||THE GEMORA'S FORMULA FOR PEACEFUL MARRIAGE, PART FIVE: MARRIAGE IS NO PLACE FOR "THE LOVE MISCONCEPTION"
- Thursday, November 1, '01 - Parshas Vayeira 5762
In case anyone is beset by the slightest doubt about the legitimacy of the marriage institution, the Torah says openly, "Have children and multiply (Genesis 1:28)...it is no good for man to be alone (Genesis 2:18)...therefore a man will leave his father and his mother and attach to his wife and they will be one flesh (Genesis 2: 24)...and [a woman's] longing will be to [her] husband (Genesis 3:16)." There you have it in a nutshell. Right from the "Source" (with about 100,000 embellishments added in the Talmud, midrashim and Halacha, to round things out). Marriage is created, commanded and endorsed by G-d Himself. If you can't hack it or if you think you have something better, by definition there's something not operating right inside and you have an immediate and full imperative to get it fixed and to be a "marriageable entity."
My subject matter (human relations, personal development, man-woman compatibility, etc.) gets to the "guts" of people. Getting older as a single, having a stormy marriage or going through (and facing life after) divorce can tear people to pieces. In my work, I see people, time after time after time, who present themselves on the street to the world as happy, functional and "put together" people.
When they speak to me about their inner lives, when the act goes down and the real person comes out, I see the heartbreak, the anguish, the dysfunction, the disappointments, the suffering, the abuses, the neglect of real-life-issue responsibilities, the lack of real-life-issue skills or emotions, the pretense, the destructive values and the self-sabotage. When I do counseling for individuals or couples, when I do matchmaking, when I do workshops or seminars, when I receive questions after lectures, I see the "real" or "inner" person come out. After one lecture at Lincoln Square Synagogue in New York City, a group of people came up to the lectern to gather around me to ask personal questions. One woman asked me a question about a painful relationship that she was in. The issue was so painful that in front of about a half dozen strangers, she started crying.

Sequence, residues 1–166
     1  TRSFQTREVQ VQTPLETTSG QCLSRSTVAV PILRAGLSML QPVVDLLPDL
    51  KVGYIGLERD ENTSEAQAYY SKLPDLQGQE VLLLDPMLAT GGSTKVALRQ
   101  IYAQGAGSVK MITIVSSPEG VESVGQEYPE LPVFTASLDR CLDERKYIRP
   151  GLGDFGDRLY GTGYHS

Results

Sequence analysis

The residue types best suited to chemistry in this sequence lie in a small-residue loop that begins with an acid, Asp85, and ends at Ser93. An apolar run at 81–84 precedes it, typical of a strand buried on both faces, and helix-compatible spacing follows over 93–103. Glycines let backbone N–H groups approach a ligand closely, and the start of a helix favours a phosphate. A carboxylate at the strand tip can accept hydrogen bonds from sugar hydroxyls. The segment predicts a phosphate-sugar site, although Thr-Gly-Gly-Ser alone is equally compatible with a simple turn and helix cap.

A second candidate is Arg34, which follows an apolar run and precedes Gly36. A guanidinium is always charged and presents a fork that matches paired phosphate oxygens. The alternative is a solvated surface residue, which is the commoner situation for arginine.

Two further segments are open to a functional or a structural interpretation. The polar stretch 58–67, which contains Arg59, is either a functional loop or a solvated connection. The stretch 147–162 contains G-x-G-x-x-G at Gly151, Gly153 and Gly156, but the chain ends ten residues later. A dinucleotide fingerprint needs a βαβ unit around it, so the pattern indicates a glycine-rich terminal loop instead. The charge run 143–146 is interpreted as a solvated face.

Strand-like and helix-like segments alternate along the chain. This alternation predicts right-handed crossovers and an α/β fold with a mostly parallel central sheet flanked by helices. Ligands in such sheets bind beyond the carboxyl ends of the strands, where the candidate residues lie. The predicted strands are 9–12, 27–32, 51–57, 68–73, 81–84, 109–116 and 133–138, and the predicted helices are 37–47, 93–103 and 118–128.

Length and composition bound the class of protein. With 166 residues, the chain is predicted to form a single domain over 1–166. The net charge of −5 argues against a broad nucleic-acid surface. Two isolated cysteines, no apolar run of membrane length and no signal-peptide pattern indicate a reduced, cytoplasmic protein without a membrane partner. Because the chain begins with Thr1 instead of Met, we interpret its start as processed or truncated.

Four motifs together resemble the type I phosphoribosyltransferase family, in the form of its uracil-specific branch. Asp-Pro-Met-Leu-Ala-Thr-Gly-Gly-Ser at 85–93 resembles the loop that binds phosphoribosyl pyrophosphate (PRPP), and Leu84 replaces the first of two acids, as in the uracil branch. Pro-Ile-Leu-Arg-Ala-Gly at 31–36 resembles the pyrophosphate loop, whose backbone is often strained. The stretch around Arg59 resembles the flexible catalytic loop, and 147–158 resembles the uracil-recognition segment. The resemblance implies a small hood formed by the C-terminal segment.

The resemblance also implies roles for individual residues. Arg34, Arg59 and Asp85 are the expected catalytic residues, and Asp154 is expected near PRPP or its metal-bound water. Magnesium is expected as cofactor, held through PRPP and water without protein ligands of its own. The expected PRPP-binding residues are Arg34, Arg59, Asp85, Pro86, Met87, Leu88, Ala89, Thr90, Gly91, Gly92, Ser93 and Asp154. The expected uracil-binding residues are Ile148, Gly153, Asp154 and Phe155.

We're talking serious. We're talking "big time," "major league" stuff. Yet, with all the constant failure, disruption and sorrow, people hold onto the stuff that doesn't work, that breaks hearts, and which wrecks marriages and innocent children.
The Torah refers to one's wife as "aizer kinegdo", a "help against him." The commentaries wrestle with the obvious contradiction between "help" and "against" in the same phrase. If she is a help, she's not against him. If she's against her husband, she's no help! The classic, basic answer is that if he is worthy, a man's wife will be his help in life. If he is not worthy, she will make his life bitter. I want to suggest, from my work experience, another meaning to "aizer kinegdo."
No person is perfect. If two people approach their relationship as a joint effort to work on themselves and on life harmoniously and supportively, their marriage can be characterized by "help" to one another. They can supportively work together on their shortcomings - openly, objectively, honestly and courageously. They can bring out potentials, help refine and elevate each other. They will have a dynamic and growing relationship. In that relationship, the spouse is a "help."
If, when the shortcomings come out, one or both is/are closed, defensive, rigid, self-justifying, unkind, irresponsible, inconsiderate, stagnant (in terms of human development) or hostile; or sets up (in relating terms) shields or boundaries beyond which the other cannot penetrate; this relationship will be bitterly characterized by "against."
This is similar to, and supported by, the verse in Proverbs (18:1), "LeTaava yivakesh nifrad (self-indulgence pursues isolation/separateness)." Being out for yourself forces the creation of "apartness" because you and the other person essentially become mutually exclusive. You make the other person feel that your primary goal or interest is to take and to satisfy yourself. Taking leads to degeneration and destruction of a relationship. No one was born just to feed the other's needs. To the extent that the other falls short of a taker's needs, expectations or demands, the taker is disinterested, frustrated or hostile. The other person can only be left feeling disrespected, abused, shortchanged, unhappy, pushed away or left-out. Knowing the taker isn't worthwhile. It could be downright painful and humiliating.
This is all antithetical to love.